If you know of any books about Korea that left a good impression, please share them in the comments section. And I’ll try to include them in a future post.
* Common Themes of the Three Religions (Confucianism, Taoism, and Buddhism): The Samga Kwigam of Hyujong (1520-1604) (University of Hawaii, 1990)
14 thoughts on “More (Buddhist) books about Korea”
This sad story comes under the heading “You don’t know what you’ve got until it’s gone.”
For the longest time I had the book “Empty house: Zen masters and temples of Korea” by Chris Verebedes. It has interviews in it with Korean Zen Masters, great pictures of practice temples along with their history.
I gave it away.. 😦
Now you can buy on Amazon for $392.00 (for a paperback!!!).
If you see this in a used book store, it’s a nice little volume.
Also – I took one of your suggestions from the last Book List Post and went out and got “Meeting Mr Kim” I’m really enjoying it. Thanks..
Thx Evelyn! I just ordered it! I am so excited!!
$392 for Empty House?!! Hmm, I think I just figured out where my next plane ticket to the US is coming from…^-^
Actually, as Evelyn points out it’s still in a few bookstores here in Korea. Though, I think the publisher has since gone under. So once it’s gone, it might really be gone.
I worried a bit about coming across as too “commercial” with all the “where to buy it” links, but as you saw with amazon, finding thesa books can be hard, and the price differences between ordering it in the US versus Korea can be staggering.
The links are helpful. Thanks for posting them. SeoulSelection.com is good to deal with too.
high-‘flying’ elation as i see…:)
“The Way of Korean Zen” by Kusan Sunim – was my first book about anything korean and it is such a great book, all about mind, with alot of helpful advice.
Have you ever thought of compiling a Korea Movie List?
Spring Summer Fall Winter and Spring..
Why did Bodhidharma travel to the East…
Are their others like that?
(apologies if this has already been covered)
– roy. Hapjang
Thanks for this list, Sunim. The first book I read on Korean Buddhism was Mu Soeng’s “Thousand Peaks.” It’s not particularly scholarly, I suspect, but it gives a great sense of the rich flavor of the tradition.
Hi Tanya, you know, I haven’t read that book in almost 20 years. I didn’t get it when I first read it, but I might have more perspective now!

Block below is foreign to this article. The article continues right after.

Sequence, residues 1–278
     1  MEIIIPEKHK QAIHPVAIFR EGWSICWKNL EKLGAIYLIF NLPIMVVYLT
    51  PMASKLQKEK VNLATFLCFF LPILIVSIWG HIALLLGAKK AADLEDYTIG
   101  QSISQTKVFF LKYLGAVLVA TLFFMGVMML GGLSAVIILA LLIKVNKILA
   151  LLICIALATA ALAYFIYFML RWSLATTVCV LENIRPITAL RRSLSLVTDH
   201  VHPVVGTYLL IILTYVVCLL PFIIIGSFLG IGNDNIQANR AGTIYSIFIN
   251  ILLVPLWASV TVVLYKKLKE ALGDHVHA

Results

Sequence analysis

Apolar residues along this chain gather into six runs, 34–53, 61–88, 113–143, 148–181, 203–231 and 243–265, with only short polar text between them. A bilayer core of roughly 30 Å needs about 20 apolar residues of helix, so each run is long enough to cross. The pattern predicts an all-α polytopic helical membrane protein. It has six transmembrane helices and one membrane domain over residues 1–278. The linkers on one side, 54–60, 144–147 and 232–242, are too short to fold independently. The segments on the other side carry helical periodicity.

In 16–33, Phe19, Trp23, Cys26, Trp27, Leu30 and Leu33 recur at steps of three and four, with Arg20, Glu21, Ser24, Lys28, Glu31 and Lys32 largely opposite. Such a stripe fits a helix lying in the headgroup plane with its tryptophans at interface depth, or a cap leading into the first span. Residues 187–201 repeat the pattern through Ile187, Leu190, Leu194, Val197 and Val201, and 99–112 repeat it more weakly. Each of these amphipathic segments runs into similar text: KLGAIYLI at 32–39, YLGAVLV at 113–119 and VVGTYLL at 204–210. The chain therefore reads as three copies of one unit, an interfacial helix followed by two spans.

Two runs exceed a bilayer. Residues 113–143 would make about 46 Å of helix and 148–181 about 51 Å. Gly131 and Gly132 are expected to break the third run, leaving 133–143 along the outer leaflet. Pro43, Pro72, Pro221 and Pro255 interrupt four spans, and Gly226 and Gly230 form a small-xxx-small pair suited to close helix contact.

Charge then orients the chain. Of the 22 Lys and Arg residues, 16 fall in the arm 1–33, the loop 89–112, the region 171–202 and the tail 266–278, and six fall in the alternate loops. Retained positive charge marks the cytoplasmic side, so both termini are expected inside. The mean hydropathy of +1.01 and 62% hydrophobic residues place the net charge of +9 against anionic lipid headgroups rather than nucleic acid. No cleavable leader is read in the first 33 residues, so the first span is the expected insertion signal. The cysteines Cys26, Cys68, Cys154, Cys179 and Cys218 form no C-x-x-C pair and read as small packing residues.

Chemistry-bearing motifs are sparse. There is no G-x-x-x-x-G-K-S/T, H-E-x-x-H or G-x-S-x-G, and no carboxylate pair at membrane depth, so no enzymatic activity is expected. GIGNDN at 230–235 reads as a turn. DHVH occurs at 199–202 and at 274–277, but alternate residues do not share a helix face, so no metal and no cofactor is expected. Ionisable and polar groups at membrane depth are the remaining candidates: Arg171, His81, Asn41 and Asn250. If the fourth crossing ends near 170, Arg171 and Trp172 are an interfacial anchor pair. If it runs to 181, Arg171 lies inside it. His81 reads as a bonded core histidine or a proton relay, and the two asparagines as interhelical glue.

Hi Roy, you know, I never really thought about a movie list, I guess mainly because they seem a bit off to me. (It turns out that nearly all of them were made by Catholics. Weird, huh!)
Perhaps a list of great Buddhist/spiritual movies in general might be easier. Kundun, and The Cup are two of my all-time favorites. I think part of the problem is that I’ll see a movie, think it’s great, and then can’t remember the title a month later!
I actually have “Thousand Peaks” too, and am kind of surprised to see it’s out of print. Though, the info inside is not especially accurate, at least for the historical figures I’m well acquainted with. That said, the premise and role of the book were great.
Really?? ‘Spring Summer Fall Winter and Spring’ was made by a Catholic? Pretty cool. I never knew that. My Ma would be proud.
And ‘Why did Bodhidharma’ – that’s a product of a Catholic film maker as well?
(Imagine my black-sheep lapsed Catholic side puffing with pride..)
Hello Sunim. Reguarding Thousand Peaks, I don’t know if there will be another printing. Also about empty House do you know if anyone can contact the author? That book is a really good source of information.
Yes, I also understand that Kim Ki-duk (Spring, Summer…) is Catholic (and Spring Summer is the only film of his that I’ve seen that I even half like) and I also understand that Bae Yong-kyun (Why has Bodhidharma…) is Catholic, but – apart from the latter being a professor at Hyoseong Catholic University – have no evidence for this at all… it’s just something I’ve heard many times over.
Interesting though, how, with that background ‘knowledge’ I started spotting how it plays out in the movies! You know, dragging the Bodhisattva up the mountain in a scene that could just as easily have been a large wooden cross for all it had to say about penance etc. Interesting stuff.
(And in any case, they’re in very good company! The cross over between Buddhism and Christianity goes deeper than people like to say. Did you know that Zen Master Seung Sahn Sunim grew up a Christian for example? Of course, at the deepest levels, the influences flow back and forth).
All the v.best,